“I took myself to Primary Care at King’s Mill and I was standing in the queue at reception when I started to feel really groggy. When I spoke to the receptionist she told me to sit down. She was the first person to realise there was something seriously wrong.”
Jim McRury had woken in the middle of the night with chest pains over the Easter weekend of 2016.
But because a recent medical had told him he had only a 10 per cent chance of suffering a heart attack over the next ten years, he decided to wait until the morning.
“There were no shooting pains going down my arms or legs,” the 55-year-old said. “But the pain made me breathless. We have a young son and a dog and I decided not to wake the household, and went back to sleep.”
In the morning Jim drove himself to hospital and was immediately whisked through, put on a trolley and connected to an ECG to monitor his heart.
“I didn’t know I’d had a heart attack at that point,” Jim said. “I was literally existing on the oxygenated blood that was still in my body.”
From there a doctor accompanied the father-of-two by ambulance to Nottingham City Hospital where he was diagnosed with a ventricular fibrillation - where the heart quivers rather than pumps the blood around the body and leads to cardiac arrest.
Doctors installed a balloon pump to keep Jim’s heart beating, but the only way to treat him when his heartbeat began to rage was to shock him with a defibrillator - sometimes up to 20 times per week.
“We were stuck in a cycle and eventually the registrar got on the phone and spoke to the Royal Papworth Hospital in Cambridgeshire,” Jim said.
“He discussed my case with them and the outcome was to send me in an attended ambulance to Papworth.
“On my first night, the VF started and although they kept turning the defibrillator up, they could not stop my heart fibrillating.
“I was rushed to theatre and woke up with external pumps at the side of my bed, with pipes taking the blood in and out of my body, attached to my chest.
“At this point I was stable, but in effect, on life support.”
But despite the medical expertise that saved Jim’s life, he said he was equally grateful for the human way he was treated by staff.
They allowed him assisted exercise on a static bike, with nurses holding his pump tubes to prevent them from detaching.
They took him out into the garden, organised discos for Jim and another patient, and cake competitions just for Jim.
One nurse brought him in an XBox, and before Jim received his new heart, he decided to tie the knot with his partner (now wife) Lindsey, 36.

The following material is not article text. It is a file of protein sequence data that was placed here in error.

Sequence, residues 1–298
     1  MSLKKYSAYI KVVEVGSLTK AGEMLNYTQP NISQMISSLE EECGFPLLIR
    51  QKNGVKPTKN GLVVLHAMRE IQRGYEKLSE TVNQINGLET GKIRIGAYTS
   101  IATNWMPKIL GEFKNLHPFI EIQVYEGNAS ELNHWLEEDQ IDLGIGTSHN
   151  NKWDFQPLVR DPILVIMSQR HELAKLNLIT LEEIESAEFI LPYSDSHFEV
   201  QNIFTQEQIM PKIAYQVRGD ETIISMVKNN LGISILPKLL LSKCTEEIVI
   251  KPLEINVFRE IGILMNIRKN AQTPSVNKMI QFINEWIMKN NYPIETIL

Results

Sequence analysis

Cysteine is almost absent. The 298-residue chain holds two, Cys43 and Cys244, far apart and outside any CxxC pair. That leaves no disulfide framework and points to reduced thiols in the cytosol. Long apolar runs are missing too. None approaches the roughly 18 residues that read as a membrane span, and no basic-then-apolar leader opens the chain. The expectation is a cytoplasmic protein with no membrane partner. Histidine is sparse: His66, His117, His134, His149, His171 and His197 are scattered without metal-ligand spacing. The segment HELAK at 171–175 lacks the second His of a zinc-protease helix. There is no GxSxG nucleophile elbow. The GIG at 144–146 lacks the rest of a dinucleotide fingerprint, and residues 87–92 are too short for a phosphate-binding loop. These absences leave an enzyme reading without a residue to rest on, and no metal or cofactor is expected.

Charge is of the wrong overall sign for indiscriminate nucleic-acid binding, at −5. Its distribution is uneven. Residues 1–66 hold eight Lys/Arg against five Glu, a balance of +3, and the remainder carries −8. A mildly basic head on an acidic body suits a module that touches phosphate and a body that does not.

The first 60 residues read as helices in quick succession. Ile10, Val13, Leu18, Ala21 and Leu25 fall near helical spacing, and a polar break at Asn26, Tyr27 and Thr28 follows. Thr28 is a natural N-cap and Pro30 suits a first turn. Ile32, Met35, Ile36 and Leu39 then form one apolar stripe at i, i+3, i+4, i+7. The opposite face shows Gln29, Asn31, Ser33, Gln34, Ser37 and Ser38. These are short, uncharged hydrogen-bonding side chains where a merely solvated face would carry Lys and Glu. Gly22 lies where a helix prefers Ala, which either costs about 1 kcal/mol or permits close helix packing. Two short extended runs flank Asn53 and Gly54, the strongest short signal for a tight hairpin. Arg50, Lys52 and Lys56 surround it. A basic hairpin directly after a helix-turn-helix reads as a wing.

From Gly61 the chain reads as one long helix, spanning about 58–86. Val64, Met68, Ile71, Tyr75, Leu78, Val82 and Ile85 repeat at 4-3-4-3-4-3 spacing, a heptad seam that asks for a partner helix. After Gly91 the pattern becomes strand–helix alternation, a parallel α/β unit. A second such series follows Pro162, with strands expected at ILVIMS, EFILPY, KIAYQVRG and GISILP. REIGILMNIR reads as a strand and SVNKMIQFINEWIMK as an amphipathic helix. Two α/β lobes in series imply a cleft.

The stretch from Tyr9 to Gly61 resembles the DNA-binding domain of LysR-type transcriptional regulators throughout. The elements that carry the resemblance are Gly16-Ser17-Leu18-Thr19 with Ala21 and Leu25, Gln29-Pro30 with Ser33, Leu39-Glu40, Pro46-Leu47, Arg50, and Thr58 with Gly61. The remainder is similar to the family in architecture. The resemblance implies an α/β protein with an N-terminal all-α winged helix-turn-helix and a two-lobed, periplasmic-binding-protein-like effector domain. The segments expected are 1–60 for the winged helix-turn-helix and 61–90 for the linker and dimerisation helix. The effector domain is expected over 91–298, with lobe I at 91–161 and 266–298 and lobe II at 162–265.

“They couldn’t have done more,” said Jim. “The wedding took four days to arrange and the nurses even raided the stationary cupboard to decorate the ward.
“I had this thing in my neck so they could administer drugs quickly, and the doctor took that out so I could get married in a suit.
“Everything fell into place. They thought at the time that I was going to die.”
Doctors also used Jim as a guinea pig, he said. Because, due to the pumps, he didn’t have a pulse, and medical students were brought to his ward to try and diagnose what was wrong with him.
Now on the mend, the keen biker, from Clipstone, has become a blood bike volunteer, and plans to do a 10,000ft tandem parachute jump on March 23 to raise £1,500 for Papworth.
Jim, who recently retired from his role as an operations manager for Vodaphone, has paid for the jump himself and also wants to pay extra out of his own pocket to have the jump filmed is he reaches his fundraiding target.
To donate, go to https://www.justgiving.com/fundraising/jim-mcrury
BLOOD BIKES NEEDS VOLUNTEERS
“What I didn’t realise, and I think what a lot of people don’t realise, is that the Blood Bikes service is staffed completely by volunteers,” Jim said.
“I was at an open day at Mansfield Fire Station with my son Callum [now four] and the Blood Bikes people were there.
“I went over to speak to them and said, ‘How do you get a job as good as this?’, and they explained that they all did it for free.
I’ve always been a biker, so for me getting involved was win-win.”
And it’s not just bikers who are needed, Jim said.
The service also needs car drivers and fundraises.
“It’s an out-of-hours service and, on average Notts Blood Bikes saves the NHS around £20,000 a year,” he said. “Out of hours, hospitals often had to use taxis to transport things around.
“And it’s not just blood either. I didn’t realise until I started that the service also transports milk for premature babies.”
To find out more about Nottinghamshire Blood Bikes, go to http://nottinghamshirebloodbikes.org/